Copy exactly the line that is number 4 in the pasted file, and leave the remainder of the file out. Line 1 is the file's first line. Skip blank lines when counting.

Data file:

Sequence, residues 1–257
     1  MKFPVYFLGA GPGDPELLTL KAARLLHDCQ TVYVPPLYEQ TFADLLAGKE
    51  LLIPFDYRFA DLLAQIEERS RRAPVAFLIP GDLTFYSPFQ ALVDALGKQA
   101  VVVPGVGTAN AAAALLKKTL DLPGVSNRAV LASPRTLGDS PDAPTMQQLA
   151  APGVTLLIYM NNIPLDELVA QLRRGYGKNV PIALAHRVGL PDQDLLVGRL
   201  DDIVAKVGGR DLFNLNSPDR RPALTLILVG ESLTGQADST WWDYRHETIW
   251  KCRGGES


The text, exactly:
   101  VVVPGVGTAN AAAALLKKTL DLPGVSNRAV LASPRTLGDS PDAPTMQQLA